Skip to main content

See also:

Black Theatre Troupe announces four productions for upcoming season

Black Theatre Troupe’s 2014-2015 season includes four productions: “Radio Golf,” “Tommy J & Sally,” “Conviction” and “Ain’t She Brave.” Performances will take place at the Helen K. Mason Center for the Performing Arts, 1333 E. Washington St. in Phoenix.
Black Theatre Troupe’s 2014-2015 season includes four productions: “Radio Golf,” “Tommy J & Sally,” “Conviction” and “Ain’t She Brave.” Performances will take place at the Helen K. Mason Center for the Performing Arts, 1333 E. Washington St. in Phoenix.
Photographer: Laura Durant; photo courtesy of Black Theatre Troupe, used with permission

Black Theatre Troupe has announced four productions for its upcoming 2014-2015 season: “Radio Golf,” “Tommy J & Sally,” “Conviction” and “Ain’t She Brave.” Performances will take place at the Helen K. Mason Center for the Performing Arts, 1333 E. Washington St. in Phoenix.

First up is “Radio Golf,” by August Wilson, running from Sept. 26 through Oct. 12. Wilson’s final play of ten chronicling the African-American experience in the twentieth century, “Radio Golf” tells the story of Ivy-League-educated lawyer Harmond Wilks and his ambitious and educated wife. Wilks is hoping to become Pittsburgh’s first black mayor in the 1997 mayoral race when life intrudes. His plans to redevelop a poverty-stricken section of the city are thwarted by the owner of an old mansion at 1839 Wylie. The man refuses to give up his home, and in the end it’s clear that the old house has a more significant past than anyone ever imagined.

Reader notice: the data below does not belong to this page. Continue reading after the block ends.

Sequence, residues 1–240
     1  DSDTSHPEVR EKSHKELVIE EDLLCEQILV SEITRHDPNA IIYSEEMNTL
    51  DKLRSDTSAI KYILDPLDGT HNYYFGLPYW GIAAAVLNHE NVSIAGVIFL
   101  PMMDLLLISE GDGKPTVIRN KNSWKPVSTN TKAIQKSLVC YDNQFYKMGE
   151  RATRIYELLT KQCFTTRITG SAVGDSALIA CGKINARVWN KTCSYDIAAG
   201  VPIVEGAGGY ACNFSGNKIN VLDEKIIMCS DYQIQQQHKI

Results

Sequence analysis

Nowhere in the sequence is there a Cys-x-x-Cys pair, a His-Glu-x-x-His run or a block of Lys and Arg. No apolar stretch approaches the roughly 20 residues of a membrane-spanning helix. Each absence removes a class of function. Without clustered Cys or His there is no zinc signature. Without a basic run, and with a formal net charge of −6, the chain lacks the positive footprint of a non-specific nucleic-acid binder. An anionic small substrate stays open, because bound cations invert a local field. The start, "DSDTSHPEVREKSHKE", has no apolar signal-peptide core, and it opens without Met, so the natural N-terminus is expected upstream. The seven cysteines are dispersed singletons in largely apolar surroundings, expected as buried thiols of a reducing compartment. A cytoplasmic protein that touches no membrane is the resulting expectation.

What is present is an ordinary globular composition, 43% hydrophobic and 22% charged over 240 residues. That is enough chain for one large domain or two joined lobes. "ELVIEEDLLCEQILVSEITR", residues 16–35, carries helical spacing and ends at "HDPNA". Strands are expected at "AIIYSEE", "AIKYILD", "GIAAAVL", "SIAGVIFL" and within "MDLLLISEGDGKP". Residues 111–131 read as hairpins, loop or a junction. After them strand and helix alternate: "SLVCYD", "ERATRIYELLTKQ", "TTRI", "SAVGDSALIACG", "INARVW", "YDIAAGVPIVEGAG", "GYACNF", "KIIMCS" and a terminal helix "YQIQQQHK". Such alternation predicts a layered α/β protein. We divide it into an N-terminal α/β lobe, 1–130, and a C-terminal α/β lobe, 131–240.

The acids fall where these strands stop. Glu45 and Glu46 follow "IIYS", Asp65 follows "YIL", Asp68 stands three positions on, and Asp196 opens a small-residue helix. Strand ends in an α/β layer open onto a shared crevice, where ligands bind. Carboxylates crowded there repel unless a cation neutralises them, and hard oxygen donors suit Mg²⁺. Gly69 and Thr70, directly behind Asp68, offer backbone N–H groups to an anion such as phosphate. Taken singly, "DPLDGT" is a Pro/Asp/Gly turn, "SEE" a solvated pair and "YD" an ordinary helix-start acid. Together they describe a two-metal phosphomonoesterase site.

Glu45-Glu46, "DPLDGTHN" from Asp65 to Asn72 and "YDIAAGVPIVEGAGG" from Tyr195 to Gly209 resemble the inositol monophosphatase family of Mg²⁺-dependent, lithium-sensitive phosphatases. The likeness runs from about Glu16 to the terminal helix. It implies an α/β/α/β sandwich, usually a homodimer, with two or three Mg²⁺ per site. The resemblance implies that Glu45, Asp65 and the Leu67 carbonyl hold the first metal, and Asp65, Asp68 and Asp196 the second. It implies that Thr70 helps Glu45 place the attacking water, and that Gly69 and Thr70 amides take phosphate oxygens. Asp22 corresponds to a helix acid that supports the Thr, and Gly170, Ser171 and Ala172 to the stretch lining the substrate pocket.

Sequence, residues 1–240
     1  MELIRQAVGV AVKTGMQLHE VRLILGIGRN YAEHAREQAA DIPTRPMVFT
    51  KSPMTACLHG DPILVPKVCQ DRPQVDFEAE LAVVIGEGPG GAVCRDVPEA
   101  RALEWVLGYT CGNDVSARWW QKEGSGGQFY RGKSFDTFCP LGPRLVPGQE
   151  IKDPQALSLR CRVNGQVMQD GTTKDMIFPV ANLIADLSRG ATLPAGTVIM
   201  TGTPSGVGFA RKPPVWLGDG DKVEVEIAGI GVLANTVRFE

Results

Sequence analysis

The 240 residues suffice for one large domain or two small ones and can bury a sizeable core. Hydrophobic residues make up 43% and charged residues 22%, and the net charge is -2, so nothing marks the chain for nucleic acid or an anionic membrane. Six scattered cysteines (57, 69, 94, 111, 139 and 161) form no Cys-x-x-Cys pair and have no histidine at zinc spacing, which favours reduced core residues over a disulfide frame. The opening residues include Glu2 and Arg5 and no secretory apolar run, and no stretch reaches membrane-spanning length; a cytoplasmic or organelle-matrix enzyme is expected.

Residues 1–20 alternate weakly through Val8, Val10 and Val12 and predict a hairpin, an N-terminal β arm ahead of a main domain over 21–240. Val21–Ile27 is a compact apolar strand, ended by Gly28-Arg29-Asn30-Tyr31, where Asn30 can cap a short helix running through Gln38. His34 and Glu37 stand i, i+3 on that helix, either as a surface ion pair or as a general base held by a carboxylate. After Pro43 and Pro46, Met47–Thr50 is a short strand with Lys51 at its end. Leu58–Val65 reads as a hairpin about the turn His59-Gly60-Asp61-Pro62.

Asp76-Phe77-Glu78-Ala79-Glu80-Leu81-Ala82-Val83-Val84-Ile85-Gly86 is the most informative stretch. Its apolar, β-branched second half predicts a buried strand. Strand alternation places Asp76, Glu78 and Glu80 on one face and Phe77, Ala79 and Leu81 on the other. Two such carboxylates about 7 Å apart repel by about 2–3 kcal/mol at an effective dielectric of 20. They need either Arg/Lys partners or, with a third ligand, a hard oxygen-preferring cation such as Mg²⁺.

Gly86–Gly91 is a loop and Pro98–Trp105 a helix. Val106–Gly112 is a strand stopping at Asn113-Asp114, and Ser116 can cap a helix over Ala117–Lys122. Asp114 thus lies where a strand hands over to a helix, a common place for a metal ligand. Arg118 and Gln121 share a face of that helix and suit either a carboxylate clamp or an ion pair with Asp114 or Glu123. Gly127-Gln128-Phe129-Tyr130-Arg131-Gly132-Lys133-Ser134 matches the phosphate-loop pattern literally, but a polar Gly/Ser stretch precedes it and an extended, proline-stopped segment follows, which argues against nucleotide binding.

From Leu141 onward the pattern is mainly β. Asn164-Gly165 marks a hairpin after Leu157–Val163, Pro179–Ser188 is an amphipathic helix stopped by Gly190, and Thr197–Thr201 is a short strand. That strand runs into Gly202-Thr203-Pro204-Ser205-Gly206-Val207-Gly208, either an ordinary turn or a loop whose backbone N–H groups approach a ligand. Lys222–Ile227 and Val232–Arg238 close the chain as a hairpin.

Next up is “Tommy J & Sally,” by Mark Medoff, which runs from Nov. 28 through Dec. 14. Tommy J, a young African-American man, forces his way into the Manhattan loft of Sally Hemmings, a white pop singer spreading racial harmony through her music. Only Tommy J claims that her real name is Madeline Rosenberg, a Jewish girl who has reinvented herself and taken the name of Thomas Jefferson’s slave mistress. “Tommy J and Sally” examines black/white relations from both sides, studying not only the tensions but also the longing for reconciliation, forgiveness and redemption.

Starting off the 2015 new year is “Conviction,” by Ben Tyler. The play, which runs Feb. 6–22, celebrates the musical genius of American jazz composer, lyricist, pianist, and arranger Billy Strayhorn, born 100 years earlier. The audience meets “A Convict,” who reminisces and performs for his fellow inmates songs that have enriched his life. Set to the backdrop of Strayhorn’s powerful music, his captivating story has a stunning conclusion.

Closing out the season is “Ain’t She Brave,” by Ntare Ali and Erika Gault. Originally edited and staged by Lorna Hill, the production runs April 10–26, 2015. Through music, dance, poetry and stories, “Ain’t She Brave” chronicles the modern black woman’s journey in America. The innovative work provides an entertaining evening by interweaving powerful moments of love and fear, memories and dreams, amid tales of strength and survival and centuries-old universal thoughts.

Founded in 1970, Black Theatre Troupe chooses productions that illuminate the African-American experience and culture by using local, regional and national talent.

To subscribe by phone, call (602) 254-2151, ext. 4, or for more information or a season brochure, call (602) 258-8128, ext. 2. Tickets may also be ordered online.